Hair might just be the ultimate renewable resource. Did you know its clippings can be made into hair booms, and large nylon stockings for soaking up oil spills? That’s just one of the innovations steering the hair and beauty industry towards a more sustainable future.
In Australia, we certainly need a greener way of doing things. Until now, the hair and beauty industry has sent over 400,000 kilograms of hair and 1.5 million kilograms of metal waste (that’s a LOT of aluminium foils) to landfill every year, not to mention all the toxic chemicals drained into basins.
Hughes & Co is one of the new generation of sustainable salons looking to change the way the industry operates. The Melbourne hair studio, a Square Seller, is located in the fashionable suburb of Cremorne and run by Welsh-born Hanna Hughes. Hanna is dedicated to running an ethical, “moral-led” salon that is safe, welcoming and sustainable. “Co” doesn’t stand for “company”, she’ll tell you. It stands for “community”.
“We separate all of our waste and recycle as much of it as possible with various recycling partners,” Hanna says.
“For example, if someone’s hair is restyled and we cut more than 20 cm of hair off we send it to Sustainable Salons, who process it into wigs.”
Sustainable Salons might be the best-known Australian organisation working in the space. A “profit for purpose” business, they host a directory of over 1,400 salons making sustainability a priority. Since launching in 2015, they have diverted almost 1.3 million kilograms of waste materials away from landfill and towards recycling initiatives.*
The statistics are fascinating. The organisation has recycled 374,947 kg of metal, 415,995 kg of paper, 355,650 kg of plastic and 62,247 kg of hair. They can even recycle chemical by-products – 55,342 kilograms of them so far – back into water for use in construction and manufacturing.
And, as Hanna mentioned, they collect ponytails that are distributed to charitable organisations to be made into medical wigs for those undergoing cancer treatment or living with alopecia. They’re the biggest collector in Australian and New Zealand and have so far gathered almost 190,000 ponytails!
Hughes & Co’s own sustainability initiatives extend to choosing only cans for their in-salon refreshments, as aluminium is infinitely recyclable, and making considered choices in who they partner with for the hair products they offer, such as boutique Melbourne company No. 113.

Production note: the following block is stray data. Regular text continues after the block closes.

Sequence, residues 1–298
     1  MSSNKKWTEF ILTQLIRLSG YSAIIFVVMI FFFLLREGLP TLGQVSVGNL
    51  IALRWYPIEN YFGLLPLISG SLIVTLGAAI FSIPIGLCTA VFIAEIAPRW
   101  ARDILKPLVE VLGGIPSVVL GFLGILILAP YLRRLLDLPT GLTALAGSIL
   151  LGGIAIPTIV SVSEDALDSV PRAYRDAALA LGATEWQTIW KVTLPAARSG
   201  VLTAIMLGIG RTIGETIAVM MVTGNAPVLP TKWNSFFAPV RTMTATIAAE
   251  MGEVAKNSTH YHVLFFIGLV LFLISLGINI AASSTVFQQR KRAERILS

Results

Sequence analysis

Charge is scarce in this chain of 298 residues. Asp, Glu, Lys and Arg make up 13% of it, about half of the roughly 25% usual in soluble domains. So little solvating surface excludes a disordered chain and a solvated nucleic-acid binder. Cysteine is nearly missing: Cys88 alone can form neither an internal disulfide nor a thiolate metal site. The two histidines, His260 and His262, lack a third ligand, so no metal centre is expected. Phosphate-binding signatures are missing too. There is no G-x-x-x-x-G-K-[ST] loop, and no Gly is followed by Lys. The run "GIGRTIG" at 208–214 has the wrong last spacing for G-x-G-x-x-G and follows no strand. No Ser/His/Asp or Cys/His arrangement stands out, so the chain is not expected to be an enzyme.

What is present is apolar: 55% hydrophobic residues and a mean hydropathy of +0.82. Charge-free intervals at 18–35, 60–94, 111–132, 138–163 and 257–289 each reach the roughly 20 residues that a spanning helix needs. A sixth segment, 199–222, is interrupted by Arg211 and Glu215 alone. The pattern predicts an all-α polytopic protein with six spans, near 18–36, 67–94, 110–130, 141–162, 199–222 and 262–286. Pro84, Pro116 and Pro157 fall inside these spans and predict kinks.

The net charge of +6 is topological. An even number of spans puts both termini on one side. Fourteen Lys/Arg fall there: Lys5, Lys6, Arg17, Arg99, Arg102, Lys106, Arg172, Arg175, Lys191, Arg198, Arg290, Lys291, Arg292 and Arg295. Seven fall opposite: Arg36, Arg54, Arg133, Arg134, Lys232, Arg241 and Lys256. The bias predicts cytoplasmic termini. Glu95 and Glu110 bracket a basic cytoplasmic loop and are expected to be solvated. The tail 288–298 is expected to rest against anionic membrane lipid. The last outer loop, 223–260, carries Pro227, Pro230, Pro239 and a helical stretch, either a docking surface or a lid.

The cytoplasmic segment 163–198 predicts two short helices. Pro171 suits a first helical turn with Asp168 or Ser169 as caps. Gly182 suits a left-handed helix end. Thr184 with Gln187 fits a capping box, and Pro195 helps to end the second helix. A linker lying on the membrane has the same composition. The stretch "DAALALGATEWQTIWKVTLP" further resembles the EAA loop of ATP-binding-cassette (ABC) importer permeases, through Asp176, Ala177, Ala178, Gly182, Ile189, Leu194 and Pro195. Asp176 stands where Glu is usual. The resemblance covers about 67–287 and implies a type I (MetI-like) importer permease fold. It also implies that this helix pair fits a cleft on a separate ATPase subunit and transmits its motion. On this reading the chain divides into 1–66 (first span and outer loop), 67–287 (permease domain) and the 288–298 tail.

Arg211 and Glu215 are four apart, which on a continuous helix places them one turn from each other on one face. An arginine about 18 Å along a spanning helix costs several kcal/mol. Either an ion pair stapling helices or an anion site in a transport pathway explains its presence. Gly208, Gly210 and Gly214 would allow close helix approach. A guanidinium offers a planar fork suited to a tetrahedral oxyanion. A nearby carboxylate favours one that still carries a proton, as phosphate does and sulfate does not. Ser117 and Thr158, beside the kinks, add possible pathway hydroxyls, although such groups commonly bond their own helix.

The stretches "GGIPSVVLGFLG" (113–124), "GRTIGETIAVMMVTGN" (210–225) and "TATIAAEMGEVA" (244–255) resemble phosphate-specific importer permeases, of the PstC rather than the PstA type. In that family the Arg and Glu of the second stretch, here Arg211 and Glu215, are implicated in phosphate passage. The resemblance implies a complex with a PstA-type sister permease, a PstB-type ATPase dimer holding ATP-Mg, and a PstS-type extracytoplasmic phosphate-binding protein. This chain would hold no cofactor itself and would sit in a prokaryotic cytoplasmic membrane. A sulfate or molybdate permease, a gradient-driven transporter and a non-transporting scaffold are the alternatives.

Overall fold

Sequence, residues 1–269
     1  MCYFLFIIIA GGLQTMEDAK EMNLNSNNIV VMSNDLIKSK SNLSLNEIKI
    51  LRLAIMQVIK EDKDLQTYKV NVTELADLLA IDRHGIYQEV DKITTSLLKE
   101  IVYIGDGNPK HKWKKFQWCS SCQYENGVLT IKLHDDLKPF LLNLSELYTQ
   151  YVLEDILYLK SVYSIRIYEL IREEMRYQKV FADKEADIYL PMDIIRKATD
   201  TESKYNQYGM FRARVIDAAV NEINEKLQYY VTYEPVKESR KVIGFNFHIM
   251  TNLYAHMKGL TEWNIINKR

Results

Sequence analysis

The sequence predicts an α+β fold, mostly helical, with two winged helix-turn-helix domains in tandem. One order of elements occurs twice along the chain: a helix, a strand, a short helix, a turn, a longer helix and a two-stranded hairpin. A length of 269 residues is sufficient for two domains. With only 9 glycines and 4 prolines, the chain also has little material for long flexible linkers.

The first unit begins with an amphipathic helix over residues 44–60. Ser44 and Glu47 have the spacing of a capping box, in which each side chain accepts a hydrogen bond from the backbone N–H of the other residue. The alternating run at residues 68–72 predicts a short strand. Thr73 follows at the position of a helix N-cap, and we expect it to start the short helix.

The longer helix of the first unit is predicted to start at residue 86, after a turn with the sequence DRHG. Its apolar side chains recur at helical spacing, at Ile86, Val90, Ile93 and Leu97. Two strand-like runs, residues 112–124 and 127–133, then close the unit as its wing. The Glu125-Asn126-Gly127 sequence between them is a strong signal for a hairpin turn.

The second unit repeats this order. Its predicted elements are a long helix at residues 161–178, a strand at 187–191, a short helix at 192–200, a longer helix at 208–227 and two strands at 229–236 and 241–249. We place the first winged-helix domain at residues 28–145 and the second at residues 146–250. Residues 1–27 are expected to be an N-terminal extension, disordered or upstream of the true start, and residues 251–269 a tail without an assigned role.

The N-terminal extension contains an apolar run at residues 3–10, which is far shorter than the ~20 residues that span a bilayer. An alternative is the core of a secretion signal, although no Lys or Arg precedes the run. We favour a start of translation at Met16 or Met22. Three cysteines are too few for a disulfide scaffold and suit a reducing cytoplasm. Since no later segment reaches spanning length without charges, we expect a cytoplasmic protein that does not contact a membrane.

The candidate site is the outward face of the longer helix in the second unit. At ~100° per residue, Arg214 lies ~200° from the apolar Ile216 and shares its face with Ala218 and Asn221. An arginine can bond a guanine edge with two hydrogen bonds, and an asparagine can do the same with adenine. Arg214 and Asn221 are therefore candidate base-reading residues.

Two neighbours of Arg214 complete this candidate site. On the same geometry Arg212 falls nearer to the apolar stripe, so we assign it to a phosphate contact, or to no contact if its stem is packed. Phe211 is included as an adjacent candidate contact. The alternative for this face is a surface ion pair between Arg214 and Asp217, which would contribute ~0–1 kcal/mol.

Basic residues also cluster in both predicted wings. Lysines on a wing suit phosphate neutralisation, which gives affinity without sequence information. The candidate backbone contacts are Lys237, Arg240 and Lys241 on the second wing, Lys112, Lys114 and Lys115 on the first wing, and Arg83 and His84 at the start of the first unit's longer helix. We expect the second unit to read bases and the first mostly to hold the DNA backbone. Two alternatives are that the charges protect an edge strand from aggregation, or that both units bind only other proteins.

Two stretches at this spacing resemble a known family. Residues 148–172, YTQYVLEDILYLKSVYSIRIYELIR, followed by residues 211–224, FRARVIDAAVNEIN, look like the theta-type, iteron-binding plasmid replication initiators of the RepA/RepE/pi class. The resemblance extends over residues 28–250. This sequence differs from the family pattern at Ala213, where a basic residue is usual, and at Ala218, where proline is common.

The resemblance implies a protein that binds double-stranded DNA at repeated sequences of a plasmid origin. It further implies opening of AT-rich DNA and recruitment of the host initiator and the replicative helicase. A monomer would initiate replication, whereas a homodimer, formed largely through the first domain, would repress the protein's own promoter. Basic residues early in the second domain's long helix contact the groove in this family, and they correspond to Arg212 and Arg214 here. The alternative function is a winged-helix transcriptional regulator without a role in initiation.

“Consumers are definitely willing to switch to Australian-made products when given the choice,” Hanna says.
It helps though if you can make it easy for them.
“Our customers always rave about how convenient our salon is. And that’s really down to Square, hosting efficient online Appointment bookings allow us to offer our customers a way to have haircuts on subscription plans. It’s the backbone of our business and growth.”
For $95 a month, Hughes & Co offer their grooming subscription customers unlimited haircuts and beard trims. And it turns out beards are worth a closer look when it comes to sustainability. Hughes & Co run a gender-free salon – you’ll pay for the service you order, not what gender you are – but their emphasis on beard styling and cutthroat shaves means they attract a male clientele that, according to a Sustainable Salons and Junkee Media survey of 800 consumers, isn’t yet as attuned to environmental issues as its female counterpart.
That survey found that 15% of the men they spoke to weren’t comfortable telling their mates about choosing a sustainable salon. So it’s important we have people like Hanna and her community pushing the conversation forward!
The good news is, across genders, 91% of those surveyed would be happy to add a small sustainability fee to their hair or beauty service. Square makes it easy to for sellers to do this.
Hanna is encouraged by what she sees around her but believes the Australian industry still has some way to go.
“Most avenues and partnerships require an allocated budget to move your business in this direction, and this budget is not widely allocated for. We need initiatives from within local councils and state governments to help streamline this. We also need to educate our consumers to be mindful of these choices.”
Of course, that education begins with those coming through the training ranks. Fortunately, Australia is making rapid gains in this area.
“Having done my education in the UK, and being Gen Y, sustainable practice has been second nature to me. It’s not something we had to actively go out of our way to do as it’s just an easy day-to-day thing over there. It’s ingrained into the curriculum from a very young age.”
Hanna is right that youth has an impact when it comes to putting the environment first. Sustainable Salons’ research shows that two thirds of Gen Z respondents were thinking about where their salon’s waste goes. That’s significantly more than those in older cohorts. Hair and beauty practitioners would be well advised to get on the bandwagon.
You can definitely count Hanna among those encouraging a generational shift in practices: “As a mother, sustainability is a priority for me to leave the Earth a livable place for all future generations to enjoy.”
Except where noted, stats in this article are drawn from Issue 8 of The Green Chair, the 2022 edition of Sustainable Salons’ annual magazine.